Facing moral questions in a time of ‘massive, collective structural problems’

It is getting harder and harder to be good in a world where choices that once seemed straightforward are now moral quandaries.

Decisions like what to eat or which car to buy are connected to global issues.

Associate research professor at the Johns Hopkins Berman Institute of Bioethics Travis Rieder’s new book Catastrophe Ethics: How to Choose Well in a World of Tough Choices offers a new set of ethical tools to deal with new challenges.

Catastrophe Ethics book cover

Rieder told RNZ’s Afternoons most ethical thinking was designed in a world very different to the one we live in today.

As humans have evolved and become a more globally connected society, people face more moral questions in daily life.

“The new class of issues is what I call in the book ‘puzzle of individual choice’ in this time of massive, collective structural problems.”

Rieder said it only arose when a person’s “tiny little contribution” either harmed or benefited an injustice or justice.

Climate change was a main example, he said.

He spoke of a person needing to drive to work. The was nothing wrong with that, except that the person’s car released greenhouse gases into the atmosphere, which paired with other greenhouse gases contributed to the rising temperature of the world and caused extreme weather events.

Consumerism was another issue – where people could choose to buy items from ethical companies and withdraw support from others.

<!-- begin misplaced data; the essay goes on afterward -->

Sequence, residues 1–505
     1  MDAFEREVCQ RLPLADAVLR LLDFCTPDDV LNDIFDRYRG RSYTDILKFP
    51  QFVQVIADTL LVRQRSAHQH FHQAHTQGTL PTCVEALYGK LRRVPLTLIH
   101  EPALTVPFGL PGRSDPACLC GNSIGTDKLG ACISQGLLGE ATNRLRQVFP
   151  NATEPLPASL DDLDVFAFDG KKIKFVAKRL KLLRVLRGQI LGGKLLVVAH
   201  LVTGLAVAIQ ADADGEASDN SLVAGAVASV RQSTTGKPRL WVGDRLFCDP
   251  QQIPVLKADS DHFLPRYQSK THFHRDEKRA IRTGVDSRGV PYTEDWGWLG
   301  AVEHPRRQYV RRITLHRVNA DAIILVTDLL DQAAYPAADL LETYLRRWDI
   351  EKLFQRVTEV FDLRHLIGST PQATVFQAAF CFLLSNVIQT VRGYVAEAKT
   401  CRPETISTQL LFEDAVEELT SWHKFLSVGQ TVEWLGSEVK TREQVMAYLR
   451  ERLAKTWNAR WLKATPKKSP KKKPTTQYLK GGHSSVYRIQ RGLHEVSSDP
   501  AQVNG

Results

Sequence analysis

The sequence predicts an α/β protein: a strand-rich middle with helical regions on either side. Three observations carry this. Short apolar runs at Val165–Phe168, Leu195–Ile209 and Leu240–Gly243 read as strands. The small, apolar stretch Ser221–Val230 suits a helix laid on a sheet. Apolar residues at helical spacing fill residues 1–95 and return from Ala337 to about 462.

But it was not always easy. Rieder said a lot of ethically sensible people would say people should not buy products if they discovered it supported slave labour on the other side of the world, but there was “a problem here”.

“You and me and probably almost everyone else listening, we’ve all supported in slave labour practices, likely, because we’re talking on computers and phones and other things that require ion batteries and those batteries require cobalt and most of the cobalt in the world is mined in the Democratic Republic of Congo under conditions that at least one writer, Siddharth Kara, has called modern day slavery.”

Withdrawing from such technology was not realistic, so new tools were needed, Rieder said.

He said some people told him such issues were structural problems and it seemed like he was victim blaming.

“It would be nice if the answer was ‘well, our brightest minds and governments are on this problem’ and so you could just sit back and not worry about it because it’s going to be solved at the structural level, but in so far as much of these problems are not actually being solved, it does sort of feel like we’ve got to do something.

“We’ve got to do our part. But then the question is: ‘what is our part? What’s good enough?'”

Rieder said people were likely to be “constantly berated” by moral consideration for their entire life and it was important people stopped thinking in black and white.

People could consider what they could to raise awareness about issues, vote for leaders whose policies they agreed with, give money to organisations making change and carve their own path forward, he said.

According to the news on Radio New Zealand

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